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>> that late? twenty years later. >> that is like the fifth edition now. >> i was just curious so with basic economics because of the title i thought that was one of the first. >> the first. he ever wrote was it was a tradition all economic textbook that the beauty is that has these graphs in it that he could write for the first point. >> you will love this. when i had him which i think could be the dullest title of any book. [laughter] actually said to him on the radio show, you really should have consulted on your title like that segment, the
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constables guide to bikinis would have done much better. he laughed so hard that i knew i was with a real person. >> it is his best-selling book. >> maybe i'm wrong. [laughter] >> it is been translated into seven or eight different languages. >> ethnic bikinis. [laughter] but i loved joking around with him and he laughs so easily i don't know if people know that i'm sure you have encountered that. >> yes. >> and he is so proud of his photography. he is good. >> he is very good. >> so to the extent you are free to speak about it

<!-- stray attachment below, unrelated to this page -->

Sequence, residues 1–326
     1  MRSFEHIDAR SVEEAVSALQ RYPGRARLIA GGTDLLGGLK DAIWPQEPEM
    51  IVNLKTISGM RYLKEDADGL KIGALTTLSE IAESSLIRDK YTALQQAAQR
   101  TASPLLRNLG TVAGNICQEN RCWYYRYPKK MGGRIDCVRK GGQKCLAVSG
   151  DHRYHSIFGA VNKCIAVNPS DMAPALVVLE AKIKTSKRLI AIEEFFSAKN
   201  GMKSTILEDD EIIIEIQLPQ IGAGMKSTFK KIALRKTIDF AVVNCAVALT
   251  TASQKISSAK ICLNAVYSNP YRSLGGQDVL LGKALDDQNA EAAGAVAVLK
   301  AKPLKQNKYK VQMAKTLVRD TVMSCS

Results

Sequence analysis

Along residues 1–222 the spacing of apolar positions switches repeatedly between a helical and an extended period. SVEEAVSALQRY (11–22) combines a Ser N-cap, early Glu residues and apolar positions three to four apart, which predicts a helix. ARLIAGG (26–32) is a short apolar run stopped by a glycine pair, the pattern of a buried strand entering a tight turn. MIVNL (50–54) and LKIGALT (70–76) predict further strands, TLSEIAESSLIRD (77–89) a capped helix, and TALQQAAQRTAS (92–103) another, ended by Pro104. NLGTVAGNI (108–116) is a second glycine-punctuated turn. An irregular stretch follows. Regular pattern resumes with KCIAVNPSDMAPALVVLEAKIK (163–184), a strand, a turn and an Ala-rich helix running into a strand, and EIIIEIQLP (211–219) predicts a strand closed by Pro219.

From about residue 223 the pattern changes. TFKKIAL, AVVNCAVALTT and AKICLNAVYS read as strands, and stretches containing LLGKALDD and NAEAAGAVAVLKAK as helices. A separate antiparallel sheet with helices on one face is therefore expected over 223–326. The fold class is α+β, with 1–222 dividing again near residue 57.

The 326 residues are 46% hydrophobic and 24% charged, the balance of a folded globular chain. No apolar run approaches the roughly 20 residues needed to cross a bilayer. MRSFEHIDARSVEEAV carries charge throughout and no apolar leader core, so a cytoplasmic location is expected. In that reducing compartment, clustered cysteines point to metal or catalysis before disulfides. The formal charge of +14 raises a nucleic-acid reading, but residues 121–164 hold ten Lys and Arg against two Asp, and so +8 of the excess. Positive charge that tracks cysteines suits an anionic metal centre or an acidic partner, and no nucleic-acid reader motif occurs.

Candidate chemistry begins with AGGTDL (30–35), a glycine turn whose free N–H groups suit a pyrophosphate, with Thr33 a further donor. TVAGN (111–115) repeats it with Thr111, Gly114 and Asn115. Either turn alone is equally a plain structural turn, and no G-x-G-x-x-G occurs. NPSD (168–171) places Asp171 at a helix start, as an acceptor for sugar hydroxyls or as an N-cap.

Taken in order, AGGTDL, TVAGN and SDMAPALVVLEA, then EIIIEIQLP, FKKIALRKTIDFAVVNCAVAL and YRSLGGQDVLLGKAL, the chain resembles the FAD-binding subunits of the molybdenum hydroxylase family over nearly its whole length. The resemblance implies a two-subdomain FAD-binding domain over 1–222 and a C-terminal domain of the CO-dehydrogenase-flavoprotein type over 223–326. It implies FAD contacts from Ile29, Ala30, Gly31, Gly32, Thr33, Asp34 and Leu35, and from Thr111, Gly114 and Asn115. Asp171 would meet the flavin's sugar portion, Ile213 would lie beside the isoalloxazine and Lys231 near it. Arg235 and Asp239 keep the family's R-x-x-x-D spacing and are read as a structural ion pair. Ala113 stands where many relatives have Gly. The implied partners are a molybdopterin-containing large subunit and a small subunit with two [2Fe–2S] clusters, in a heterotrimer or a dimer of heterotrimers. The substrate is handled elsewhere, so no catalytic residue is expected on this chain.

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married, children? what is his story quick. >> this is mostly an intellectual biography i talk about some aspects of his personal life and his columns over the years he wrote a semi biographical book back in the early seventies and he rode mmr which came out in the late 19 nineties. he is married with a couple of kids. he has written more extensively about one of his children, his son and after his son graduated from college he wrote a column about how worried his parents were at the time and this produced a
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flood of letters from other parents who found something similar and it was so great that tom decided to write a book and he couldn't find allied of books out there they tend to be musically oriented and good memories but there wasn't a lot else but they just start talking much later than most kids do but the phenomenon he actually wrote two books about the topic so he has written about his son. >> to be personal on my and i did not speak until past three my grandfather was sure i was retarded he told my parents that in those days you could